We need to get away from the political conversations and see these London bombers for what they are, and realize these kids were not at all different from Dylan Klebold and Eric Harris, except in their dress and in the words they use to disguise the fact they really hate themselves.

This is not a world which is wrestling with grand ideas of political philosophy as in eras past. This world is now nothing more than Columbine writ large. We need to respond to such people the same way we would respond to petty criminals and felons, only then will we get at the root of the problem in the world.

Again if you are wondering how this fits into a page filled with spiritual musings… have you read the Psalms? God is a God of love… but there’s no doubt he is fierce with his justice, and doesn’t approve of those who wantonly kill, maim, or destroy for the sake of their own frenzied souls.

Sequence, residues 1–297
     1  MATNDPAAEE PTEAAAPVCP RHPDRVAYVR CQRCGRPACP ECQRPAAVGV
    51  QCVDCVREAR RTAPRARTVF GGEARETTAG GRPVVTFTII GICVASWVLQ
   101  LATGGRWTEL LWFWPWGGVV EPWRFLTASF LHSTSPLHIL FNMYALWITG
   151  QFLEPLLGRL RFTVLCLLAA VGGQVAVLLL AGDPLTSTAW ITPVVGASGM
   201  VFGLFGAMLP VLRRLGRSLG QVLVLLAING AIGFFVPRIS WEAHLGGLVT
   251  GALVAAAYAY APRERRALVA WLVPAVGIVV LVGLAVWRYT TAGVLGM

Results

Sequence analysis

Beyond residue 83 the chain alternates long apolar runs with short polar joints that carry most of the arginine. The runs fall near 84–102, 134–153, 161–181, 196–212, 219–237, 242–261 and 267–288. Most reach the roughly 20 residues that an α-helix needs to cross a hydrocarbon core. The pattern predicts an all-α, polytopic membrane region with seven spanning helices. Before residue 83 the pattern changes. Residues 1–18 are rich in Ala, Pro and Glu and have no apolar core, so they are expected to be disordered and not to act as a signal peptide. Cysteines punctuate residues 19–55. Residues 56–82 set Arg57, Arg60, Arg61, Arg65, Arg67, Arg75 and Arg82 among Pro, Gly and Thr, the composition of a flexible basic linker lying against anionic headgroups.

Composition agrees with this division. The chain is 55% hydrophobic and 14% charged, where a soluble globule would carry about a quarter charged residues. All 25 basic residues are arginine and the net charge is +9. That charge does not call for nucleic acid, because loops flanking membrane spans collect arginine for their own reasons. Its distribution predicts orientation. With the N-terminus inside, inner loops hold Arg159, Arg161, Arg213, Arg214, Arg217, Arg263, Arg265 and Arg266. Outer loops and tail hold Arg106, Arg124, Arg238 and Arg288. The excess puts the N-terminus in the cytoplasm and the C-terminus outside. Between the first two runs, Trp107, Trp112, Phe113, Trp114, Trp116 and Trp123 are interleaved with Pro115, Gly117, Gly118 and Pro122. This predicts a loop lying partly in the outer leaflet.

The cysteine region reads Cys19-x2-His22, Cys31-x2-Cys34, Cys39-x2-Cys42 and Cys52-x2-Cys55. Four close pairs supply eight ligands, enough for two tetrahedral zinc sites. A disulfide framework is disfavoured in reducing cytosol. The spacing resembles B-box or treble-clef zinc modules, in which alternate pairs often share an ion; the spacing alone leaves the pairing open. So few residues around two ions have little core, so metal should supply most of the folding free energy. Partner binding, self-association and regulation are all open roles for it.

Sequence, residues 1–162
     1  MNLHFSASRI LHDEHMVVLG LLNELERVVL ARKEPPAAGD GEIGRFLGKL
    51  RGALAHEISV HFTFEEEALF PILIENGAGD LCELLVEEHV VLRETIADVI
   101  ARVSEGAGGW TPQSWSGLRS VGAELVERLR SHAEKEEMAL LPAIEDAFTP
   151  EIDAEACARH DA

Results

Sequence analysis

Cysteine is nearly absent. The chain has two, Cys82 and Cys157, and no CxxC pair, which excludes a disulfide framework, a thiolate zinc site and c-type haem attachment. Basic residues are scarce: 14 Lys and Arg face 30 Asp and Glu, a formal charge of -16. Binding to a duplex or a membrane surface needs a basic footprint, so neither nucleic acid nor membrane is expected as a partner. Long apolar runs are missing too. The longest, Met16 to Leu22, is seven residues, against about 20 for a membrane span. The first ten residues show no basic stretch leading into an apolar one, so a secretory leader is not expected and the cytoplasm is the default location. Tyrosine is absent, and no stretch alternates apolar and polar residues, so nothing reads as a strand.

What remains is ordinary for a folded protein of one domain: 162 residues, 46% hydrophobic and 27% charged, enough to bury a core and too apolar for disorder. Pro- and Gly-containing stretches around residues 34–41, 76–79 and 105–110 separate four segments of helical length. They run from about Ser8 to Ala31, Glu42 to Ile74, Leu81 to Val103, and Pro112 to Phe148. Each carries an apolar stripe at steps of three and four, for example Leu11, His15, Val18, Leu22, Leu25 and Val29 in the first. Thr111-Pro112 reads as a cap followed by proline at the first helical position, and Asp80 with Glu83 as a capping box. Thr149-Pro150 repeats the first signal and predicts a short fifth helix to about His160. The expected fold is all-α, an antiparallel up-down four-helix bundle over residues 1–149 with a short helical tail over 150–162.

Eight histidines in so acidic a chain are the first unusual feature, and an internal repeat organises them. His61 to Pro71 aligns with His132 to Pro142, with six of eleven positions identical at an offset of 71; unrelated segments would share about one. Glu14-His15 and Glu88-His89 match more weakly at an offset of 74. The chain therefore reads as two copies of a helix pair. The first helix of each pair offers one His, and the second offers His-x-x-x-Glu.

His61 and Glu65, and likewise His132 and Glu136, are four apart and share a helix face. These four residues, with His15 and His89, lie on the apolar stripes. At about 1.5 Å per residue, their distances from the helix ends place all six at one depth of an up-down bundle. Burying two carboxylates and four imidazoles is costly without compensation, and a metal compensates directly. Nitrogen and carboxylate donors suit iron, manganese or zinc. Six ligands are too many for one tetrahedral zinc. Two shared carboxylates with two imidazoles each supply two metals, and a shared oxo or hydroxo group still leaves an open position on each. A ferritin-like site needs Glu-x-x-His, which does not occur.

choosing targets well…

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Choosing targets is a major part of strategy. Some targets cause secondary explosions of sorts. It seems that London is not, strategically, a good target for terrorists. Some people react with fear when attacked, others find resolve. Some are better lulled into a sense of complacency for the overall strategy to work. History notes that the US and the UK are the sorts of countries which are better not provoked. They tend to get feisty when otherwise they would be lulling about.

Given this poll, though it doesn’t state it, I would guess that GWB’s approval rating in Britain also went up.

How does this relate to a growing Spirituality? Sometimes letting evil fester is more destructive than stopping it. When evil reveals itself, there may not be a response which drives one deeper into the depths, but there are responses which would help one get on with the task sooner and with more resolve. I suspect this is why Jesus made a point about personal morality in turning the other cheek before our enemies, but the NT doesn’t mention a prohibition on fighting evil when it is revealed. For such reason, also, I make note that centurions came off rather well throughout the NT narrative.